Judge in Florida Botched Abortion Case Rules Public Has Right to See Records
by Steven Ertelt
April 9, 2009
Miami, FL (LifeNews.com) — A judge involved in a Florida botched abortion case says the public has a right to see the records associated with it. Miami-Dade Circuit Judge John Thornton refused to agree to a request from lawyers for abortion business owner Belkis Gonzalez who had asked that the evidence remain secret for a "fair trial."
Attorneys for Gonzalez, who was arrested last month and jailed on two felony counts related to the death of a baby, cited extensive news reports and posts on pro-life web sites concerning the case.
Gonzalez fears ”physical and mental harm after receiving anonymous threats,” her lawyers told Judge Thornton, according to a Miami Herald report.
The records he wanted sealed include police reports, witness and expert statements, photos, and medical examiner reports.
Judge Thornton refused to seal the evidence or issue a gag order and he asked to view photos police had taken at the abortion center, saying he would decide whether or not they would be released.
Two media outlets asked the judge not to seal the photos, citing free speech reporting issues, and Thornton indicated he would likely allow them to be presented to the public.
In the botched abortion incident Sycloria Williams went to the GYN Diagnostic Center abortion facility in Hialeah, outside Miami, for an abortion.
She had laminaria inserted and went back the next day for the abortion and gave birth instead to a baby named Shanice. Abortion practitioner Pierre Renelique did not show up for a scheduled abortion, causing Shanice to be born alive.
Gonzalez allegedly stuffed the baby’s body in a biohazard bag and tossed the bag on the roof when local officials stopped by to investigate after they received a tip.
Gonzalez was charged with the unlicensed practice of a health care profession resulting in serious bodily injury, a second degree felony, and with tampering with or fabricating physical evidence, a third degree felony.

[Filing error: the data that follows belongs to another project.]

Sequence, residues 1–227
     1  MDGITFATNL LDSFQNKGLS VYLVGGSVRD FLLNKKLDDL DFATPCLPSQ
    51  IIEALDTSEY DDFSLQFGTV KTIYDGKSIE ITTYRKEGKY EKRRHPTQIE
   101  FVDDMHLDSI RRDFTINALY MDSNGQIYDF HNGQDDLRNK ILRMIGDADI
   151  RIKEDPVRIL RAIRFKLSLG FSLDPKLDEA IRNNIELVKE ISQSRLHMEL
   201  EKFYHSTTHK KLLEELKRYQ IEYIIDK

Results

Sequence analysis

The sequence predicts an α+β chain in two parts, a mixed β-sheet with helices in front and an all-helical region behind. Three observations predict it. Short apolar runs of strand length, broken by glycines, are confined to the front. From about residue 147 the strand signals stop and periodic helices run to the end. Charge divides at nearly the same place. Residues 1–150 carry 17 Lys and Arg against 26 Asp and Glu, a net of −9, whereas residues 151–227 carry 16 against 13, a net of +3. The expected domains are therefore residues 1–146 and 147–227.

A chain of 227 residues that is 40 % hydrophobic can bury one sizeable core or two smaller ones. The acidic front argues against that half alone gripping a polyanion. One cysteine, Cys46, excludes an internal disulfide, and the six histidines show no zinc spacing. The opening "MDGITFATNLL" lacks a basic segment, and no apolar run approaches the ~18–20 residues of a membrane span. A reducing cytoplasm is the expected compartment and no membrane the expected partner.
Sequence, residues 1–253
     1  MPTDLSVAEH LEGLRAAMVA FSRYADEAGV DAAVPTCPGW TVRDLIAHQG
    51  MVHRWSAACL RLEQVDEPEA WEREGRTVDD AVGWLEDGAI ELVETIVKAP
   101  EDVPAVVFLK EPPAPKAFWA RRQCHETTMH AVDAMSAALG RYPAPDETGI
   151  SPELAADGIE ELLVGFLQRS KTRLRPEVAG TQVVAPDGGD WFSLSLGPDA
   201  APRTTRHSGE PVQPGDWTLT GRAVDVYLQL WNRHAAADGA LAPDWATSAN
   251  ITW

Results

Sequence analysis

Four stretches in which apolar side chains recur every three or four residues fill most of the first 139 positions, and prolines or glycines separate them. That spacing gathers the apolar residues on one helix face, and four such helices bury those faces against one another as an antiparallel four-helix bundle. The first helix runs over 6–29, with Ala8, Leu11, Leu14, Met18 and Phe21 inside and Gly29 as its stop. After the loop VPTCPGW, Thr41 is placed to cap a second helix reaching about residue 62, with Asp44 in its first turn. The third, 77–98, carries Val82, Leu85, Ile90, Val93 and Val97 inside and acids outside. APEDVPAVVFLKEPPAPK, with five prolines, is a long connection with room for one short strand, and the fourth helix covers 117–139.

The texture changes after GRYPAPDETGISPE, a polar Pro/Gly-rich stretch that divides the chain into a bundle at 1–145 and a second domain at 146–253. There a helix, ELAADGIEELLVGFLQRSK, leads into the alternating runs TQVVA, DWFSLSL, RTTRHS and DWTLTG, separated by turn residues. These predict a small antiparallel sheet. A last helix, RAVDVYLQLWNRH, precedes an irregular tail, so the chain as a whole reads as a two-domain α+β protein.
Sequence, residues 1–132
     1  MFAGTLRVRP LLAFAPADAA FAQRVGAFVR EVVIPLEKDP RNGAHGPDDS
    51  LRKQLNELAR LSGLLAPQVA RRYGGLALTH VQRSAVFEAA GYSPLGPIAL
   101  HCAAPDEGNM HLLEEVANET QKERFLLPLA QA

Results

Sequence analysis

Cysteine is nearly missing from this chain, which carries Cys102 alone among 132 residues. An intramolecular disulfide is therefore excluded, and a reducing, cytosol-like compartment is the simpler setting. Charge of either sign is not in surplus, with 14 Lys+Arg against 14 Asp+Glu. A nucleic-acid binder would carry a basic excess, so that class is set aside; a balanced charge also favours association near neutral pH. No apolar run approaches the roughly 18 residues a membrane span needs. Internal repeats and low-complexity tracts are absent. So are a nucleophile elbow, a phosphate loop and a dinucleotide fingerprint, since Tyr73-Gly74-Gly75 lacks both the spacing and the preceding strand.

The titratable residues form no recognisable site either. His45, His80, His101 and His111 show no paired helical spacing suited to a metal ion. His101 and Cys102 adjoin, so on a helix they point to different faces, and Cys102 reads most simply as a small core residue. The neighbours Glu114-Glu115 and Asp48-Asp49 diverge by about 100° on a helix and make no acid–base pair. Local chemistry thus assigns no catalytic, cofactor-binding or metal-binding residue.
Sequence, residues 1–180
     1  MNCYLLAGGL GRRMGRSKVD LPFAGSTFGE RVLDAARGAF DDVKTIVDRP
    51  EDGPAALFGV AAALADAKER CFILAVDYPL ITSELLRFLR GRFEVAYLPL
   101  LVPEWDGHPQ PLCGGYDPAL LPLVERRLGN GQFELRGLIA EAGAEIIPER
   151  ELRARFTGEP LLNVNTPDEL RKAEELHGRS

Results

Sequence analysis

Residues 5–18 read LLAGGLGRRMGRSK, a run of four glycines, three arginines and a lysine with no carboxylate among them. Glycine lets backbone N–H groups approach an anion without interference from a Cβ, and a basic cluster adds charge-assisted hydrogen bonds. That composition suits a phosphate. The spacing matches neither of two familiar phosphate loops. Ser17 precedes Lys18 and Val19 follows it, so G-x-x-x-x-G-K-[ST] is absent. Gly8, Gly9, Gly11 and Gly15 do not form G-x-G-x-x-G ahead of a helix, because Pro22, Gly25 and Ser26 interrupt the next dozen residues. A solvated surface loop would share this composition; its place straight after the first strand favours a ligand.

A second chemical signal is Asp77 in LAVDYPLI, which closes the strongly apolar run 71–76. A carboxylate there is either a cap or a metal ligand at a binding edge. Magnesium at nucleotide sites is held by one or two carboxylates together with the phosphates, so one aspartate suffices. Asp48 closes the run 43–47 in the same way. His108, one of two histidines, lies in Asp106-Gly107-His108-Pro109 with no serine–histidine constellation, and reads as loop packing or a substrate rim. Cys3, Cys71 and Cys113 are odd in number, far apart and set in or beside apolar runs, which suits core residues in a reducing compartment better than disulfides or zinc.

If convicted of the charges, Gonzalez faces a minimum of one year in jail and a $1,000 fine. She could receive a maximum of 15 years in prison on the unlicensed medicine charge and five years for tampering with evidence.
Gonzalez’s lawyer, Alberto Milian, tells the Sun-Sentinel newspaper that the charges are bogus because pro-life groups asked local officials to bring them.
"Undoubtedly, this is one of those kinds of cases where there’s a special interest to try to push a prosecution," he said. "All I can tell you is we stand on our plea of not guilty, and we’ll have to see what is being alleged."
Gonzalez is on probation currently and free on a $50,000 bond. She was released from the Miami-Dade jail following her posting bail after her arrest.
Attorneys for Williams wanted officials to file murder charges related to Shanice’s death.
But Ed Griffith, a spokesman for the Miami-Dade State Attorney’s Office, said investigators were unable to precisely determine the reasons for the baby’s death and whether Gonzalez was directly responsible.
"If we can’t prove that the actions of Belkis Gonzalez were the cause of the infant’s death, ethically, we cannot charge her with murder or manslaughter," Griffith said.
The baby’s body had decomposed by the time authorities found it a week later, Griffith said.
Tom Pennekamp, Sycloria Williams’ Miami-based attorney, is moving ahead with his wrongful death lawsuit.
He believes the case "is clearly a homicide" and the lawsuit alleges Gonzalez was responsible for the baby’s death and that the emotional trauma William faced afterwards prompted the lawsuit.
"This woman came face to face with a baby," he said. Witnessing a baby being thrown away is "not what she signed up for," he said.
The abortion practitioner in the case, Pierre Renelique, saw the Board of Medicine revoke his medical license in February.
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